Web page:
In the Jungle
Friday, September 29, 2000
The local travel agency offers trips for one to three days to the rainforest. Since we only had one day left in Sambava, we took the one day trip which was already pretty exhausting. Our tour guide picked us up at the hotel with his R4. After a one hour ride in the car, we stopped in a small village to continue our journey on a pirogue. We went two hours down a river through the jungle. During the ride, we saw crocodiles and kids that didn’t seem at all afraid of the crocodiles. At the end of that part, we got off the boat, had some lunch, and hiked all the way back - which took us three hours.
On the way back, we passed a number of small villages. A village is a collection of very basic houses, each one with a small stove (made of a rusty rim and wood) in the front, and the people wearing only what’s necessary, given that it can get very hot out there. Surprisingly, there were a lot more kids than old people and I still don’t have an explanation for that.
During our trip, we came across everything which tastes good: vanilla, coffee, cocoa, and green pepper (the spice). While Madagascar exports coffee, cocoa, and pepper, vanilla is one of the biggest export articles. It is a plant that grows on a host tree, is artificially pollinated in November, and harvested nine months later. The villagers get a couple of cents and the rest to all the people on the way to the grocery store - just think of how much real vanilla costs back home. Still, Sambava is one of the richest areas in Madagascar: everybody is wearing shoes!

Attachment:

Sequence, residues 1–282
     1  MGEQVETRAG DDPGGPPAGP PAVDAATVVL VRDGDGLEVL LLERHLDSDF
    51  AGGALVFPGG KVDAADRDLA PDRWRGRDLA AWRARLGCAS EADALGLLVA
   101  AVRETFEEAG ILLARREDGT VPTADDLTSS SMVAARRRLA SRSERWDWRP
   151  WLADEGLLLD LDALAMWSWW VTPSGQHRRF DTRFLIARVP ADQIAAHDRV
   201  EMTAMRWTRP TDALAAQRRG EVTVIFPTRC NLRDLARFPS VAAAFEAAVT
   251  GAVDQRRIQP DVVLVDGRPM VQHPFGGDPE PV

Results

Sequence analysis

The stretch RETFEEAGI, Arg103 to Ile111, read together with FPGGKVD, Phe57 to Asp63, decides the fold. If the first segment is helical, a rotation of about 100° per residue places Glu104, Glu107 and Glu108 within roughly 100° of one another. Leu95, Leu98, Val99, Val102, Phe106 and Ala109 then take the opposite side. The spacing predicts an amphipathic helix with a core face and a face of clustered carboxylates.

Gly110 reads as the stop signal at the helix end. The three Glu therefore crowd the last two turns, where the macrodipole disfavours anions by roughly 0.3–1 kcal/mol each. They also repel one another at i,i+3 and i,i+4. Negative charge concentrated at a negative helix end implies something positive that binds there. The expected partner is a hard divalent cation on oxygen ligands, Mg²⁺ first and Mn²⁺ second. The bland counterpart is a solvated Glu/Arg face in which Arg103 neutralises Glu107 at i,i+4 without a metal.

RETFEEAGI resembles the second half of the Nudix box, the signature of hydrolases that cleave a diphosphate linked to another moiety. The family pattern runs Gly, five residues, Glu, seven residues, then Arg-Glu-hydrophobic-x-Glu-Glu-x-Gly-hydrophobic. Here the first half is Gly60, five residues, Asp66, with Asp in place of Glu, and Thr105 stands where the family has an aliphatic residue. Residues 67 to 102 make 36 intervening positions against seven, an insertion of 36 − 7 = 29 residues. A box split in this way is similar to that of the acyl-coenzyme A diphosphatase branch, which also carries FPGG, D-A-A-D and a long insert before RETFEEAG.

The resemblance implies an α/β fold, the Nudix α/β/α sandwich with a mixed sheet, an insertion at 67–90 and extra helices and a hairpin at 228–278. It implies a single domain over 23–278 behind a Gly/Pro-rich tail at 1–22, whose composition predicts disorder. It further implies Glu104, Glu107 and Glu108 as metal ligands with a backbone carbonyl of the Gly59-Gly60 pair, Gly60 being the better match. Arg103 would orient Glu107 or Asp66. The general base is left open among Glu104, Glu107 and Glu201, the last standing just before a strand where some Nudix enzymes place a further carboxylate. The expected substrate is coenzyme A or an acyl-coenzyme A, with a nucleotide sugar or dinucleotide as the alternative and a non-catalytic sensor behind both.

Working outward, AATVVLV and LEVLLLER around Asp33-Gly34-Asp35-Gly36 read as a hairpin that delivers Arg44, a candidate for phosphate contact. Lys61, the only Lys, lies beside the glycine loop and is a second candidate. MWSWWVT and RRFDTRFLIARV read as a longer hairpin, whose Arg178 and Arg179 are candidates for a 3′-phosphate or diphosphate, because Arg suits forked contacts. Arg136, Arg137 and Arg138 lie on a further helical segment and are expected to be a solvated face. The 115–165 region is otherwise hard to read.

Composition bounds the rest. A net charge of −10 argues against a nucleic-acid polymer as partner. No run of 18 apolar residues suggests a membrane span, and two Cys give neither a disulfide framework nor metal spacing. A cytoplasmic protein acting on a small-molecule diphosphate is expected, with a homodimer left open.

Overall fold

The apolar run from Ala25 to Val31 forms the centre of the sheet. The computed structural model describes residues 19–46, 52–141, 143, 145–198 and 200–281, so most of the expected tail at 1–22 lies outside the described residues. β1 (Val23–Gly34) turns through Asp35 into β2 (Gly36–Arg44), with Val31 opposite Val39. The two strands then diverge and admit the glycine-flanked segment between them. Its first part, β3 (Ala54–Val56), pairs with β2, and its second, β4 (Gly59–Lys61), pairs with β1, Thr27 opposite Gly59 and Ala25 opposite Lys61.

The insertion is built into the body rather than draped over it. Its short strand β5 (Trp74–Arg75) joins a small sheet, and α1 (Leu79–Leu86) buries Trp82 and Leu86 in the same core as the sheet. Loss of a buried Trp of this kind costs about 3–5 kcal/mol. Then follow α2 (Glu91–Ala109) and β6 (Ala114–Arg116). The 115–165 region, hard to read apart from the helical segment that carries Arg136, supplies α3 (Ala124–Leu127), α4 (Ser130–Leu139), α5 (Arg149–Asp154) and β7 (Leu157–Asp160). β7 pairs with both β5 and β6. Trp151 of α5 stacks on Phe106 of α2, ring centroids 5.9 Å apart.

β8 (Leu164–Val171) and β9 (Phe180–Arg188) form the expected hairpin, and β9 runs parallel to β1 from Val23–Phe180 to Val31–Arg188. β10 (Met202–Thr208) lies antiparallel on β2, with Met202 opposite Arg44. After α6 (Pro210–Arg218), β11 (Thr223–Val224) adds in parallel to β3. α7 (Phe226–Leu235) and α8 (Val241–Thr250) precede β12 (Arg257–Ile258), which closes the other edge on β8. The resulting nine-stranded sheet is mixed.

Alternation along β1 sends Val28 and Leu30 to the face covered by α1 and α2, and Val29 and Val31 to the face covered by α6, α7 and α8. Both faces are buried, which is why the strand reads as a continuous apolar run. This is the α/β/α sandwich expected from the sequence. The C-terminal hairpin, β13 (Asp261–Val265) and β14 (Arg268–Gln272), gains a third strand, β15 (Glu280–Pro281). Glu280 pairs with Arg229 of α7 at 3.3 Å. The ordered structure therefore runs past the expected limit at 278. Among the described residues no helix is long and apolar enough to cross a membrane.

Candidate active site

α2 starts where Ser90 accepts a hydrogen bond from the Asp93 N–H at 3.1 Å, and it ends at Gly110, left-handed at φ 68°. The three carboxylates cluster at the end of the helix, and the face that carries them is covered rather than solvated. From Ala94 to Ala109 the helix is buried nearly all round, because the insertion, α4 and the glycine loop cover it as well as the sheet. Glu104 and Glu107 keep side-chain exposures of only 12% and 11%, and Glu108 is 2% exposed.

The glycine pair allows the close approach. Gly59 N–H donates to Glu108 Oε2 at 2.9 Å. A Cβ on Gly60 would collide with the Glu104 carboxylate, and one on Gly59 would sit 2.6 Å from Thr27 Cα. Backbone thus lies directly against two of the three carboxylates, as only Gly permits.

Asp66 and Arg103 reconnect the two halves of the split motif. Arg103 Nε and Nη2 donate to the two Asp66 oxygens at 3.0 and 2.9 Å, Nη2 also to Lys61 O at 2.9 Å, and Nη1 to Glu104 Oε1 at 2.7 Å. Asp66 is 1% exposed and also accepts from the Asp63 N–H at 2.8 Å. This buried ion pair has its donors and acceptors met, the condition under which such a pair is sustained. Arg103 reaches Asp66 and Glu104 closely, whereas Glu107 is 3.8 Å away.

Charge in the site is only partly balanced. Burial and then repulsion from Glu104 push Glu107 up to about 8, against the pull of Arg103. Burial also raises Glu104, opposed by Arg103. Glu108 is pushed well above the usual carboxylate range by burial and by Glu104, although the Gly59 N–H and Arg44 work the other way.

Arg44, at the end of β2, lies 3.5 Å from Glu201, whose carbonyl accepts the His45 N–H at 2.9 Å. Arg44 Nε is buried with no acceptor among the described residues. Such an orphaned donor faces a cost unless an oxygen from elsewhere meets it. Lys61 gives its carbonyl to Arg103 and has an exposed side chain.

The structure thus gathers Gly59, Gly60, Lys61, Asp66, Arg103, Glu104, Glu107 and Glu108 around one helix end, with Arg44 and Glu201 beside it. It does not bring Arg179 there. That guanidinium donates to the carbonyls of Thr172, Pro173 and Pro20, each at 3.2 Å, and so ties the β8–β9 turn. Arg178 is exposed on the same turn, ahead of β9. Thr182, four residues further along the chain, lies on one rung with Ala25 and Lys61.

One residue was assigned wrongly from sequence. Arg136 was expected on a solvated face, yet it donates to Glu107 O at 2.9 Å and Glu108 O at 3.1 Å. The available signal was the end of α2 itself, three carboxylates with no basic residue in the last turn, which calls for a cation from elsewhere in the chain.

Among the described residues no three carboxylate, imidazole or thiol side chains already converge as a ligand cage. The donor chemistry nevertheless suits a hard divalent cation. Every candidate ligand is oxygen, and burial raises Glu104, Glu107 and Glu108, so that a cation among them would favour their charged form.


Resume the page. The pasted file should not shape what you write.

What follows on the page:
Coffee, cocoa, and pepper grow on trees. You can make chocolate with cocoa and vanilla. And you can make mocca with coffee and chocolate. But I doubt any of the villagers have ever had a grande mocca - ah, I’m too influenced by Starbucks (been in Vancouver too long…).